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Ruglio v. Ruglio


November 14, 2007


On appeal from Superior Court of New Jersey, Chancery Division, Family Part, Morris County, Docket No. FV-14-1178-06.

Per curiam.



Argued September 25, 2007

Before Judges Fuentes and Grall.

Defendant Richard Ruglio appeals from a final restraining order entered by the Family Part pursuant to the Prevention of Domestic Violence Act. The trial court found that defendant committed the predicate offense of harassment based on defendant's use of the phrase "you'll be sorry," combined with the parties' history of domestic violence.

Defendant raises three points on appeal. He argues that the trial court committed reversible error because: (1) the evidence presented at trial does not support the finding that he intended to harass, threaten, or scare plaintiff when he said "you'll be sorry;" (2) the court erred when it relied on the parties' history of domestic violence to determine whether the incident at issue constituted harassment; and (3) the court abused its discretion in interrupting counsels' presentation of their cases and in allowing plaintiff's counsel to use leading questions on direct.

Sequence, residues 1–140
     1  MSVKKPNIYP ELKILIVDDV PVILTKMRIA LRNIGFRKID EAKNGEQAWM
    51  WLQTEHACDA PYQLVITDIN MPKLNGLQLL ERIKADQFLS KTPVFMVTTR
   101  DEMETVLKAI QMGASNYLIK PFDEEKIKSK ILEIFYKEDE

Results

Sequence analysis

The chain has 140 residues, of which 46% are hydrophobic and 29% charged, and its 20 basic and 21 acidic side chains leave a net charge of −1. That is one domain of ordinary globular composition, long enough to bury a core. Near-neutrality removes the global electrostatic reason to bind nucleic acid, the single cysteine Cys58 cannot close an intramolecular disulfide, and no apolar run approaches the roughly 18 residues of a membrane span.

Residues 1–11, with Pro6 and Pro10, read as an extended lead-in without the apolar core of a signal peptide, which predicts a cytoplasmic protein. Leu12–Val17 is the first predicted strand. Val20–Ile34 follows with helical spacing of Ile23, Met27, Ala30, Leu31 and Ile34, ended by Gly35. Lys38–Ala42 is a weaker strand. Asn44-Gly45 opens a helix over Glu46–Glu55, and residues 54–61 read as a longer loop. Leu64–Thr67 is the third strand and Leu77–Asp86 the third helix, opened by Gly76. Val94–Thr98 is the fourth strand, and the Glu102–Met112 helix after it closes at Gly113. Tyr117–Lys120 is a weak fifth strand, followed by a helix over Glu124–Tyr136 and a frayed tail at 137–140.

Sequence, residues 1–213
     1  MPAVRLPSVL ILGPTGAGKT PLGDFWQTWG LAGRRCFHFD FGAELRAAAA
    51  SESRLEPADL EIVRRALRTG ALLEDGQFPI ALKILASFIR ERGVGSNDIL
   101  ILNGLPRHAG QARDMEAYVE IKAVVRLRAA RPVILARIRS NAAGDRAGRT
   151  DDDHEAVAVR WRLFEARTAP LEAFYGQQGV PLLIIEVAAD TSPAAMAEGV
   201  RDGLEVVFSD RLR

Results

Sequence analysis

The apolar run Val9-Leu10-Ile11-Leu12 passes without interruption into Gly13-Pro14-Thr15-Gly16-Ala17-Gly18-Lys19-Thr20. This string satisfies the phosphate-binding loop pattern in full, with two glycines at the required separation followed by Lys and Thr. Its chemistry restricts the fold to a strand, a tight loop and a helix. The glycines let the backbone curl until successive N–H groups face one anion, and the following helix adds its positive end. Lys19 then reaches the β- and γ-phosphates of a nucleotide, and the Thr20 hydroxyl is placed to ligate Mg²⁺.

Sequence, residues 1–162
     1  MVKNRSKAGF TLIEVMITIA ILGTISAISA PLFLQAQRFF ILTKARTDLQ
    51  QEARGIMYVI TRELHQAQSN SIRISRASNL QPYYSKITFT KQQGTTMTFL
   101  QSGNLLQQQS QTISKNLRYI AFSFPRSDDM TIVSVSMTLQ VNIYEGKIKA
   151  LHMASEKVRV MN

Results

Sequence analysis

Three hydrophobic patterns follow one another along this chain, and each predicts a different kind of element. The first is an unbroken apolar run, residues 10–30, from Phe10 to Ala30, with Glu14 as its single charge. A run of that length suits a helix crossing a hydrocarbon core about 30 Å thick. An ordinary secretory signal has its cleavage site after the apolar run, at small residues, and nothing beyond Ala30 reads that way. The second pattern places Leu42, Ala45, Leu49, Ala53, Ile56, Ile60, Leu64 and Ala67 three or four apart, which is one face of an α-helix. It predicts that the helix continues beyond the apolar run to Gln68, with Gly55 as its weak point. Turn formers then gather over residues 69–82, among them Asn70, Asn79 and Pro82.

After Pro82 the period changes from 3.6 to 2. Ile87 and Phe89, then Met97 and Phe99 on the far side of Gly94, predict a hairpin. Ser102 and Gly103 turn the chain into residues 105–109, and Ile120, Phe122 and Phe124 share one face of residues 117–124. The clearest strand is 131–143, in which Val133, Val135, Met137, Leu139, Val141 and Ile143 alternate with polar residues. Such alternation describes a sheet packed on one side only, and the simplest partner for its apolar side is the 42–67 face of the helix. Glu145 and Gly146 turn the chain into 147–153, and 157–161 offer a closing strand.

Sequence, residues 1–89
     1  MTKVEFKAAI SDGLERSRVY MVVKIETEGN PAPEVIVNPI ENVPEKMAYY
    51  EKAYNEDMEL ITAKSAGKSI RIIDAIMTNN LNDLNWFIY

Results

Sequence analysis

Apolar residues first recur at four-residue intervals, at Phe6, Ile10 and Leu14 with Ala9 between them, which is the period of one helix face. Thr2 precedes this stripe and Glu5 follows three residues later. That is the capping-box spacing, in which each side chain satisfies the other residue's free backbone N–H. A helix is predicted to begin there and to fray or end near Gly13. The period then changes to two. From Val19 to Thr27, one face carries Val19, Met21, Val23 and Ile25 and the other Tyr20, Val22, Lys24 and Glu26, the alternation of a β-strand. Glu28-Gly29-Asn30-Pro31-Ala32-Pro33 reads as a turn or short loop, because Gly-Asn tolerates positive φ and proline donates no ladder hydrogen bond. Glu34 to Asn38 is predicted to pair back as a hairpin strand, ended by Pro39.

After reviewing the record before us, and in light of prevailing legal standards, we reject these arguments and affirm.

We gather the following facts from the evidence presented to the court over three non-sequential trial days. The parties had been married for five years as of the time the domestic violence complaint was filed. They have a four-year-old son,*fn1 and have resided in defendant's home for the past six years.

On Memorial Day weekend of 2006, defendant was working on the landscaping of the parties' backyard, including placing bricks around large rocks already present in the yard, when, according to plaintiff, she expressed concern to defendant about the safety of the newly laid bricks because their son liked to play on the large rocks. She requested that defendant move the bricks. In response, plaintiff testified that defendant said "shut up, bitch," "leave me alone," "I can do what I want, it's my backyard," "get lost," and "if you don't like it, leave." Wanting to avoid a confrontation, plaintiff went back into the house.